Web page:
Yesterday, I saw this tweet from Mary Ann Zehr (look for her upcoming contribution to my Education Week Teacher column):

Readers might be familiar with the use of a Frozen Tableau, where students design and “act-out” a frozen scene from a text. You can read more about it here.

And if you’re not familiar with the frozen tableau, you might very well know about the Mannequin Challenge, which has been a viral sensation of groups remaining motionless for a short video scene, accompanied by music. You can see the best known examples here.

After I saw Mary Ann’s tweet, Mary Stokke, one of my two talented student teachers, and I had a conversation about adapting the combo idea to the unit on Problem/Solution essays we’re doing with Intermediate English Language Learners.

Here’s her guest post description of what she then did, followed by one student example:

1. After reading and annotating Problem/Solution essays, my class began to prepare skits about new Problem/Solution prompts that had to include a problem, a solution and a resolution.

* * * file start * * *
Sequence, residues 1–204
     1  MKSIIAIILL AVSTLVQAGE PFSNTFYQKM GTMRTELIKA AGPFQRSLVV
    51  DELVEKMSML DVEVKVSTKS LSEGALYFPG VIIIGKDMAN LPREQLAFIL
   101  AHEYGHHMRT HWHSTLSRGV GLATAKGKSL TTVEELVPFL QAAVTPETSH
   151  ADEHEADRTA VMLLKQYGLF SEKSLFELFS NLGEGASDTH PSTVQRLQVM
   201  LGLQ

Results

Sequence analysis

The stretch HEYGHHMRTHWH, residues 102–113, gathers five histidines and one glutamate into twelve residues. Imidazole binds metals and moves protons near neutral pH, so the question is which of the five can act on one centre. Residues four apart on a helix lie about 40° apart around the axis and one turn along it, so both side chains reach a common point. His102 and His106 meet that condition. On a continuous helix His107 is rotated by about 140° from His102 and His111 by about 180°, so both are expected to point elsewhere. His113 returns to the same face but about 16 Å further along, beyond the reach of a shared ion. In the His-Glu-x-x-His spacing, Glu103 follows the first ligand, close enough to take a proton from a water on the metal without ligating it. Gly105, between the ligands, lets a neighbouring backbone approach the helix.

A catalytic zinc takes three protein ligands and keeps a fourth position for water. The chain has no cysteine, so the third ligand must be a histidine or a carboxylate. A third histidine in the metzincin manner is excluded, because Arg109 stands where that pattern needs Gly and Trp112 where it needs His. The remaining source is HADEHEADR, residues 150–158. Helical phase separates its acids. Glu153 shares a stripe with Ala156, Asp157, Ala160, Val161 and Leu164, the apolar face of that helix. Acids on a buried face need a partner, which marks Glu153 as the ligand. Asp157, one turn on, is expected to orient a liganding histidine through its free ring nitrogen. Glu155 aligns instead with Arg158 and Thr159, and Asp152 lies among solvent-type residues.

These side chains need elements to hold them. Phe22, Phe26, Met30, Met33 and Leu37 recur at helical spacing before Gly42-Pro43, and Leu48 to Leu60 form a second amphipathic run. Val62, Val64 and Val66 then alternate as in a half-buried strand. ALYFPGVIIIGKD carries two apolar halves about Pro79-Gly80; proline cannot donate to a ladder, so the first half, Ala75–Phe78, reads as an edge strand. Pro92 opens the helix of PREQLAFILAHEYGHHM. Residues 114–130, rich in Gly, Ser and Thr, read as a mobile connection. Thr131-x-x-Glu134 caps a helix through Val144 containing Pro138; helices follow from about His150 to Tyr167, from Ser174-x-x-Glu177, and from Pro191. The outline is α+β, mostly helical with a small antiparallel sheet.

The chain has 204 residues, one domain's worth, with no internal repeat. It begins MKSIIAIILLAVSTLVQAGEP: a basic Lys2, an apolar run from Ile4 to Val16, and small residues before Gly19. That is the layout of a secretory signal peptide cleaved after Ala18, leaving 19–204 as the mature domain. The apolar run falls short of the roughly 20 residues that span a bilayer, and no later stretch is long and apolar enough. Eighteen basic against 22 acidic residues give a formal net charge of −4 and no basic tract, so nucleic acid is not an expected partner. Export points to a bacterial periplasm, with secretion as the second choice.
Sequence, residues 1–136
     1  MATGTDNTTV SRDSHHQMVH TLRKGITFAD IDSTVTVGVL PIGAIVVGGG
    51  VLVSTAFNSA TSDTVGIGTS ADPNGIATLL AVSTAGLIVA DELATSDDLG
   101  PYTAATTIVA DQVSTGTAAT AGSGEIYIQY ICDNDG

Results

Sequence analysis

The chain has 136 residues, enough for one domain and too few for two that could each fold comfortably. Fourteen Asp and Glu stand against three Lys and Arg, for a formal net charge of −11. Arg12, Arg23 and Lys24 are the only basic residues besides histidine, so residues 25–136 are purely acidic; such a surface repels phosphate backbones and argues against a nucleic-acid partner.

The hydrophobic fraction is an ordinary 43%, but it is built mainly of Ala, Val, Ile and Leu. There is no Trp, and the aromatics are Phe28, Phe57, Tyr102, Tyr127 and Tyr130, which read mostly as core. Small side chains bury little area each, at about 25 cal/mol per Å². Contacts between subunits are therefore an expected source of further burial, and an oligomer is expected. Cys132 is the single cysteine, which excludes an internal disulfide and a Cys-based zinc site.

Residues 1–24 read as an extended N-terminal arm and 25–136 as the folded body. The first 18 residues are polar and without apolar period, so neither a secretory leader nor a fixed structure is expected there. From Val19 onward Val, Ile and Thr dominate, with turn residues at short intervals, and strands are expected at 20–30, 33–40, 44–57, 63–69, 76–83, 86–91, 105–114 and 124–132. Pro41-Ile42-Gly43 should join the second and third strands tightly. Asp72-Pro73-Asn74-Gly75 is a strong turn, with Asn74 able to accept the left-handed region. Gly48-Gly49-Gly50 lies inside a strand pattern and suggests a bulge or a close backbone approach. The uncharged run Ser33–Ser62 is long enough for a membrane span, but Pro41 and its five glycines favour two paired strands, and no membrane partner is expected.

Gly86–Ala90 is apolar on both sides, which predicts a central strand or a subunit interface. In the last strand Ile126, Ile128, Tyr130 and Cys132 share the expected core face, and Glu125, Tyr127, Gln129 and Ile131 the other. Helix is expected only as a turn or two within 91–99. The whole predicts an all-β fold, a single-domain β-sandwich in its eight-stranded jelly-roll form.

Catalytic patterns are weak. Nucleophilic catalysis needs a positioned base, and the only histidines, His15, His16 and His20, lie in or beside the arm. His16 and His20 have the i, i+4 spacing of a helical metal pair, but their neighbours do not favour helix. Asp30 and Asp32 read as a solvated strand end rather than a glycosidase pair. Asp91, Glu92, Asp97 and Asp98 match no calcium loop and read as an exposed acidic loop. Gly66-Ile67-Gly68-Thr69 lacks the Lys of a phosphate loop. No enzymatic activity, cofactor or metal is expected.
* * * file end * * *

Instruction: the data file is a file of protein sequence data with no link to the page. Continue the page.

2. Some students were engaged while others were more shy or bored with skits, so Mr. Ferlazzo suggested using something to do with the viral “Mannequin Challenge.”

Here’s what we did:

*Small groups of students completed a 4-frame storyboard that had to include 4 aspects of their prompt, as well as a caption for each frame.

*Students took photos of themselves in tableau for 3 of the scenes. Some students were actors, some were photographers.

*I plugged those photos into a frame using the free version of the “Pic Stitch” app.

*For a fourth scene, students picked a song, posed as mannequins, and then I shot a 20 second video of them using an iPhone on a selfie stick.

*For now, I took a picture of some text to fill one of the Pic Stitch frames, but it would be great to do something similar where you can embed a video in one of the frames.

Here is the result:


Of course, I’m sure The Mannequin Challenge will be “jumping the shark” at some point but, for now, I think it can be a nice addition to an instructional repertoire…